Apoorva Malayalam Movie Review

Feature Film
Apoorva is a film that disappoints you on the whole, except for the way the filmmaker has chosen to end it.
Sep 21, 2008 By Thomas T

Apoorva had already made news as the debut directorial venture of a 17 year old director, who had earlier made some short films that had won recognition. Leaving aside the age of the filmmaker, Apoorva is a film that disappoints you on the whole, except for the way the filmmaker has chosen to end it.

Apoorva is presented as the narration by a small boy of the happenings that take place in his school, the St.George Public School. The key players in the story are a bunch of students of the school, namely Sathya, Jerin, Meryl and Pooja. Krishna is another main character, who sits outside the school campus selling guavas and mostly spends his time playing the flute. Krishna is very close to Sathya, Jerin and Meryl.

Deep in his heart Sathya has a fondness for Pooja, who is a lonely and dejected girl. She had lost her father, and her mother had left her to live with her lover. Pooja now stays with her grandmother. A new teacher named Lakshmi Devi comes to the school. She gets friendly with all the students and develops an understanding for Pooja and her problems.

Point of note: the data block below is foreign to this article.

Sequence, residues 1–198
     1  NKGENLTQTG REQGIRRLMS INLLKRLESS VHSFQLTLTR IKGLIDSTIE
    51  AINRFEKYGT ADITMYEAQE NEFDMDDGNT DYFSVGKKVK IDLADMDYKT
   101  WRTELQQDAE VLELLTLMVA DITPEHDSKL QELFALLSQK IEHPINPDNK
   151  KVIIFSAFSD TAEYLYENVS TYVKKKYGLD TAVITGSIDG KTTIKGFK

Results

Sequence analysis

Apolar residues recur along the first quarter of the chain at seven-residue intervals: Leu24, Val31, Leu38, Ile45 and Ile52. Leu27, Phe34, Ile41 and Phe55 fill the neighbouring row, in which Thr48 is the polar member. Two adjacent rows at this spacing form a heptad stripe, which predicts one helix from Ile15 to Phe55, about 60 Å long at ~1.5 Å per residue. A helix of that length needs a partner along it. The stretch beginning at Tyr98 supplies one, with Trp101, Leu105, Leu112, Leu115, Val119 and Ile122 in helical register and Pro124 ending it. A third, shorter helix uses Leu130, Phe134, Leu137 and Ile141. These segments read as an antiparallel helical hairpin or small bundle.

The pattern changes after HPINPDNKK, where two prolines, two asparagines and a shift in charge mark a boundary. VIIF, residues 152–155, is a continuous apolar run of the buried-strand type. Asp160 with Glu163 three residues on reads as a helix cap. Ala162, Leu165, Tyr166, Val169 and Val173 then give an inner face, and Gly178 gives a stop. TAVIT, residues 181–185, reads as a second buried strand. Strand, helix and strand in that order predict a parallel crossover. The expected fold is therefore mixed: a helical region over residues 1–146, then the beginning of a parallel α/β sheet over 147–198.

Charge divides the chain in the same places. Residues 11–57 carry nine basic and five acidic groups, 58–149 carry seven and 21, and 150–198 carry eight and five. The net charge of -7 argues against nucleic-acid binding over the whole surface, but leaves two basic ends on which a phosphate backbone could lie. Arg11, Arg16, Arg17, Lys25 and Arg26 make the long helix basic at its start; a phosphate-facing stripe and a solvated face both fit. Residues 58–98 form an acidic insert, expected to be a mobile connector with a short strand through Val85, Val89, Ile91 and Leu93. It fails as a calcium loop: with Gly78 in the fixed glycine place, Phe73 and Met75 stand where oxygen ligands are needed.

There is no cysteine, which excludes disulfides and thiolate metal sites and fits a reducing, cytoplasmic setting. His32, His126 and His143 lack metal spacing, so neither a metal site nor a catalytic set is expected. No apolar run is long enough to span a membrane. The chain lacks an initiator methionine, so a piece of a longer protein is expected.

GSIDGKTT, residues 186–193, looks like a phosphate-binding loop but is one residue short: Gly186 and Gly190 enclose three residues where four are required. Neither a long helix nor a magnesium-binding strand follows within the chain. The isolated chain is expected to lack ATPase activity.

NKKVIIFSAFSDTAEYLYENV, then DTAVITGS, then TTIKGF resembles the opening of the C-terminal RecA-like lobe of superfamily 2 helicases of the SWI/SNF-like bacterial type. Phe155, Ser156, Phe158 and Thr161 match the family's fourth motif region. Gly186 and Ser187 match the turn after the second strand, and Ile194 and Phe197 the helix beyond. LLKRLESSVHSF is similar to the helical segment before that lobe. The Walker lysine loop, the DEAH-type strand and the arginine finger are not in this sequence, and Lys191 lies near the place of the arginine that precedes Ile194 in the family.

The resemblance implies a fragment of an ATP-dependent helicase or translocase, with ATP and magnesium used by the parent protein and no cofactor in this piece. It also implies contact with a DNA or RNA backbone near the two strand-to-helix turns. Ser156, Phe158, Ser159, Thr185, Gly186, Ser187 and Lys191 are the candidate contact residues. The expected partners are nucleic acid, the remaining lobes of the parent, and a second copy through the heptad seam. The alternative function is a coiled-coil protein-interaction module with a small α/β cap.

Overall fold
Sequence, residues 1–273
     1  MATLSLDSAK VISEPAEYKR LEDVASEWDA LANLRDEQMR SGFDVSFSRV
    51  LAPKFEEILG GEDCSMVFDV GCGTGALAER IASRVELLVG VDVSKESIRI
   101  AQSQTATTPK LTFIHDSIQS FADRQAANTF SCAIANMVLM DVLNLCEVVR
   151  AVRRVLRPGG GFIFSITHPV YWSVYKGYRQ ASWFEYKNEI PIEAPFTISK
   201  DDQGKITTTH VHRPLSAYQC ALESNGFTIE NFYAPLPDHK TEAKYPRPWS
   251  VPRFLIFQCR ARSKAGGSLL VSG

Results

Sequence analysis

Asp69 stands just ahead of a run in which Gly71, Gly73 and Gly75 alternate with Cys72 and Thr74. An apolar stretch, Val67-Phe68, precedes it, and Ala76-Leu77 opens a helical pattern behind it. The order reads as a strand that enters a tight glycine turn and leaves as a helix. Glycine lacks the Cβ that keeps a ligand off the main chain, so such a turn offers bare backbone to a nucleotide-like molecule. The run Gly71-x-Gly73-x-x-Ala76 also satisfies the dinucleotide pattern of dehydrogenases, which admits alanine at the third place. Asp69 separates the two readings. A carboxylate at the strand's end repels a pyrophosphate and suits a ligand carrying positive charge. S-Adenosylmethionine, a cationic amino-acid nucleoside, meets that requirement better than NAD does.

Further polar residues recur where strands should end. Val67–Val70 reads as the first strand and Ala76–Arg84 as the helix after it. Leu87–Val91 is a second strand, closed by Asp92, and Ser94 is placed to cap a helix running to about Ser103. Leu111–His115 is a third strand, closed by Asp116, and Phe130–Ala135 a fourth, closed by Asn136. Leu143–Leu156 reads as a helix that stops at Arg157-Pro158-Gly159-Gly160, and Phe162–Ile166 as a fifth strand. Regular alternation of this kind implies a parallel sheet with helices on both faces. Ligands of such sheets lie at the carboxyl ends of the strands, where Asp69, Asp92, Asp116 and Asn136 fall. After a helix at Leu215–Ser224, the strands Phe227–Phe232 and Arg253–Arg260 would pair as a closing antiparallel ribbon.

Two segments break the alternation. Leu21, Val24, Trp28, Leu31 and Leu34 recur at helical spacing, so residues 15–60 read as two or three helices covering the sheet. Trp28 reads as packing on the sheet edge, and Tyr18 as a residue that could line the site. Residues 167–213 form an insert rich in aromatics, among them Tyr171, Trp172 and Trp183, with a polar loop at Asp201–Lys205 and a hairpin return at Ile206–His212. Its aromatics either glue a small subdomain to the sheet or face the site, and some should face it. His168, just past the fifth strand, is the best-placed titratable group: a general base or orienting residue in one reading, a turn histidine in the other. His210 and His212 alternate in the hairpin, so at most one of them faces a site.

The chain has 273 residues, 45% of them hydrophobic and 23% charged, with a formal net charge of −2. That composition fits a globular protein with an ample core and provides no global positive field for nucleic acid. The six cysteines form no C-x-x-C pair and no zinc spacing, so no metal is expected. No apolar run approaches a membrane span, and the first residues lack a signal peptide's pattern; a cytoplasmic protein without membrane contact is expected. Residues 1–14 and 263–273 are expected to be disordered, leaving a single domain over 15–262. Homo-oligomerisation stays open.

Krishna, who knows Pooja's grandmother, gets sympathetic about her when he gets to know all about her. And then, one day, Pooja faints and falls from the staircase inside the school. Doctors say she is suffering from an infection in the cornea that could eventually take away her eyesight. Sathya professes his love for Pooja while she is in the hospital, but the latter doesn't encourage it. From here the story takes a new turn.

There isn't anything new in the way the story develops. As must be expected from a 17 year old, the treatment is rather amateurish. As for performance of the cast, none of the debutante youngsters doing key roles in the film are impressive. Vimala Raman as Lakshmi Devi too doesn't make an impression. Kalabhavan Mani and Suraaj Venjaramoodu, who appear towards the end of the film, don't have anything to do. Technical aspects too don't deserve mention. Neither do the songs. Summing up, Apoorva is a wasted effort. It's the inexperience of the director that has let the film down, but if young Nithin Ramakrishnan is given more opportunities, he could turn out into a good filmmaker.

Thomas T